AND I am very pleased that www.chicklitreviews.com have agreed to review Things He Never Knew. I love the website, their reviews are honest and straightforward and provide good parameters by which to judge a book – she says with some trepidation……I just hope they like mine. But that’s part of the appeal of the site; honest reviews.  But just in case my excitement levels were dropping off, this bit of news served to perk them right up again. Honestly, Christmas is going to seem such a let-down after all of this.

So – I was going to write about my characters this time and how I create them. Having given it a lot of thought,  the answer is that I don’t really. I decide on a basic plan, for example, I am going to have a 2.4 family, the father will be called William, the mother Mary and the children will be Daisy and Michael and I will have an idea of how William, Mary, Daisy and Michael are going to interact and why. I then sketch out the rest of the plot, pretty thinly as I tend to find it twists and turns as I write it, and then I get going. I am very, very bad at planning individual chapters. I wish I weren’t because it would make my job a lot easier but I’m always too impatient to throw myself into the actual writing. So I do. And then William and Mary and whoever will come to life as I write. Just like Enid Blyton described, I watch my characters and listen to them. I don’t decide what words they’re going to say, I just write down what they do say. This often leads to me being surprised at what’s happening, and if it’s too absurd then I will change it, or if I find they’re going off in the wrong direction, like wayward children. I can’t have William and Mary misbehaving. Obviously at some subconscious level I am deciding what my characters will do, and this is where outside influence comes in. I will often hear things that anger/amuse/outrage/fascinate me and these get stored away for me to use on specific occasions. For example, in my new manuscript there’s a line where a parent is describing the terrible conditions of rooms at their child’s school and she says “Oh goodness – they’re practically third world!” which a friend of mine did actually say to me and I’m  pretty sure she doesn’t mind me repeating it (never mind publishing it…) and which I then filed for future use and created a scene where I could use it because it amused and interested me so much, for lots of different reasons. That’s an easy example. More difficult to pinpoint are the smaller elements that I draw in, as I said in my previous post, the colour of someone’s hair, little mannerisms, modes of speech, those sorts of things that make a person who they are. I must have quite a collection in my mind now and I suppose I just pluck a few out at random and try them for size on my characters. There’s no doubt though that they make themselves, I just help shape them.  And then clothe them, because that’s important.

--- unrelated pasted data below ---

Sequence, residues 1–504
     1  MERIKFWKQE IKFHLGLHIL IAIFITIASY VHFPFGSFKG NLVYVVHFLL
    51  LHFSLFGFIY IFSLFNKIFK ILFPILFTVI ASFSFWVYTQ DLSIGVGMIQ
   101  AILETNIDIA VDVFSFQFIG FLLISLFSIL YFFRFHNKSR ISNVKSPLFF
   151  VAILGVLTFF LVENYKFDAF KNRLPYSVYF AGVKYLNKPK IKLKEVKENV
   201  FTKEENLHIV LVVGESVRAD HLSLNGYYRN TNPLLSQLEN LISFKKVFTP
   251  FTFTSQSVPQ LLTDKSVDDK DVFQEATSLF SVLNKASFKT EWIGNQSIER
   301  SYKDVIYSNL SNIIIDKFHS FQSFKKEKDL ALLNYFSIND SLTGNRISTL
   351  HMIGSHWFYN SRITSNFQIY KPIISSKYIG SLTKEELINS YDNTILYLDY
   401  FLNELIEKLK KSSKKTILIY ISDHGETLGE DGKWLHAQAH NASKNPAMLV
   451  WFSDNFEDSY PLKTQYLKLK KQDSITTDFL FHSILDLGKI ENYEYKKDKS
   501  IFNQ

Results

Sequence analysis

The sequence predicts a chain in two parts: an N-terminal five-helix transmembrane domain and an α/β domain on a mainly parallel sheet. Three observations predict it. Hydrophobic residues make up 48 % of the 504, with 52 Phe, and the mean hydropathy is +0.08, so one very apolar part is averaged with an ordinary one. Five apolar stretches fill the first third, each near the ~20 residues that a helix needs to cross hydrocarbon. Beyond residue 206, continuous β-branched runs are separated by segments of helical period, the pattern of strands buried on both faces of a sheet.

I’m not much of a psychic but I do foresee that my life is going to get very, very busy over the next two weeks and beyond. Actually, that reminds me, I have three different web ‘areas’ for want of a better word ( and I’m sure there is one); here, my website and my facebook author page and information is liberally sprinkled over all three. Yet I’ve noticed that people ask me the same question time and time again, and that’s “When is the book being released?” This both amuses and confuses me; it’s a fairly major detail but obviously one that people just don’t take on board. Interesting. Anyway, so back to being busy – and I really will be. I already have a litany of tasks mapped out to be achieved and not enough days in which to do them. This could be interesting. However I always make time for the truly important things, which should come as a relief to some. And I tell you what, having a laptop that I don’t have to keep re-starting and giving little breaks to should make a world of difference.  Honestly, it was like taking an elderly relative out for a stroll and stopping to have little rests and cups of tea to make sure that they don’t keel over completely. And watching with a keen eye to prevent any unorthodox behaviour. But no more, my newborn laptop is working brilliantly, if confusingly (I am not clever with computers) and on that note I’m off to check progress on my facebook fan page (135 last time I checked) and twitter (100 followers!), so just think – assuming some overlap there are still in all probability over 200 people willing to listen to what I have to say on a regular basis. I must email my husband and tell him immediately.